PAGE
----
Falling From The Tree – Part 3

Part 1

Part 2

I continued the dinner preparation, letting my thoughts of the past go by the wayside until I’d put all the ingredients in the crockpot. Sitting down shortly after that, they resumed.

The tragedy of growing up in a dysfunctional household is that the vulnerable and innocent ones must eventually deal with their past and unburden themselves of learned behaviors. Usually, it takes years of trying and failing to overcome them, dealing with false starts, and making pitiful attempts at healthy relationships. It isn’t always pretty. This legacy has played out repeatedly not only in my personal life, but I’ve been a witness to it with those enduring a similar upbringing. So much hurt, so much pain to get past. One can consider themselves lucky to survive it and create a somewhat sane life after dealing with it. I was fortunate in that I had the strength to deal with issues head-on.

I always wondered how my life would have turned out had I been nurtured and cared for when I was a child. What would it have felt like feeling loved growing up? I would imagine I’d made much better choices in men and probably would have attracted less damaged people. Having mature, healthy relationships requires knowing how to behave in them. It seems to me, having had more stability and genuine care, those connections would be with people who weren’t dealing with emotional scarring or baggage. At the very least, not quite as much as coming from a dysfunctional household. They would have been safe havens, not the merry-go-round of perpetuating my past. So happy to be past most of that.

The death of my mom in 2012, and my dad’s death in 2014, really set me free to be fully in charge of my destiny. Of course, it always was, but the trials of life endured in the beginning put roadblocks up along the way for far too many years. I’d successfully untethered myself from my mom and our dysfunction, or so I thought, back in 2002, and my journey had become a bit easier from that point on. It still amazed me, though, how residual angst still cropped up occasionally. Life is nothing if not always needing to address problems, I guess.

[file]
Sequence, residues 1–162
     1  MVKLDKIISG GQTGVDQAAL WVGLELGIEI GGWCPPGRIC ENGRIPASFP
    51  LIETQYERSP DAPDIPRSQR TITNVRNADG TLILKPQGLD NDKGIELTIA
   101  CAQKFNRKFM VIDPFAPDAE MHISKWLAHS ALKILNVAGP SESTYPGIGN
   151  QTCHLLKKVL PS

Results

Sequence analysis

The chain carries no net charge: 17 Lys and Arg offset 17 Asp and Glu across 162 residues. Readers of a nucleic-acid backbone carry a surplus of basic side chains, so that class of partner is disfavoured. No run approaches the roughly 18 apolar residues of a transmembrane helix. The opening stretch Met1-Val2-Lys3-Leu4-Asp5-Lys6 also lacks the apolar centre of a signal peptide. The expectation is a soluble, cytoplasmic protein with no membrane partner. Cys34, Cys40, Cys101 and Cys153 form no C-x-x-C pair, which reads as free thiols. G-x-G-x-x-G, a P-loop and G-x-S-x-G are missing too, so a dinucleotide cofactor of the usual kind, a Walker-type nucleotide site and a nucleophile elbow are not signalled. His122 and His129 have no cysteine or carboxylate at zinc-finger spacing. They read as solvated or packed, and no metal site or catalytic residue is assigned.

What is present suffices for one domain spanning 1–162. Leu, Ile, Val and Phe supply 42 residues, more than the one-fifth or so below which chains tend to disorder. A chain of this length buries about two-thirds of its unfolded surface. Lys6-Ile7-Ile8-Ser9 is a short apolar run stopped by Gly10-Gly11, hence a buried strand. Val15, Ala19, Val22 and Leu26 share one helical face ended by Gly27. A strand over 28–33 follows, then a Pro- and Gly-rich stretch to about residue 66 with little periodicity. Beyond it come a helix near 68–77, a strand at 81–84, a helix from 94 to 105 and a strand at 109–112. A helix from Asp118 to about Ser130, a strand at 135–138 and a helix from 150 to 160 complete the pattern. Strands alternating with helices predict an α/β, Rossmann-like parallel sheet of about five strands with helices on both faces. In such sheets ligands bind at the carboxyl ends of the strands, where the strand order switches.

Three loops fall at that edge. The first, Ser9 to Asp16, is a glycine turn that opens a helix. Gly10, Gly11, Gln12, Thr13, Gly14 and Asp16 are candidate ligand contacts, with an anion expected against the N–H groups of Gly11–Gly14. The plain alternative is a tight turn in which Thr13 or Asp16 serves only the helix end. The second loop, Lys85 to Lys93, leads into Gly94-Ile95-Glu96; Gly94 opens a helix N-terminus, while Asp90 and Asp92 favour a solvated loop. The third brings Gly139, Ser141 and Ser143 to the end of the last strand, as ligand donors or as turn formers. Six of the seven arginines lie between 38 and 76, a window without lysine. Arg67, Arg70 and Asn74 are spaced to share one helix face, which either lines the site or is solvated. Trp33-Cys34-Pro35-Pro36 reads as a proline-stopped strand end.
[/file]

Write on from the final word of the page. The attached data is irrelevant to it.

When my dad died, my sister and I were at once free to be the top of the hierarchy and then immediately became estranged. I guess for her, it was time to be honest with herself – there was no love lost between us, nor did she ever really care. Maybe it was just too much effort now to continue to pretend we were family? She let me go, and honestly, I was okay with that. I deserved acceptance and respect, not just be at her beck and call when it was convenient to her and her needs. It was a one-sided relationship, and it was over for me as well. Blood or not, if you can’t thoroughly enjoy and love the people you are connected to, why are you even with them? The same goes for actually wanting to have children. My parents never had any business creating children together. Neither was capable of providing that bare minimum standard a child deserves – love and acceptance.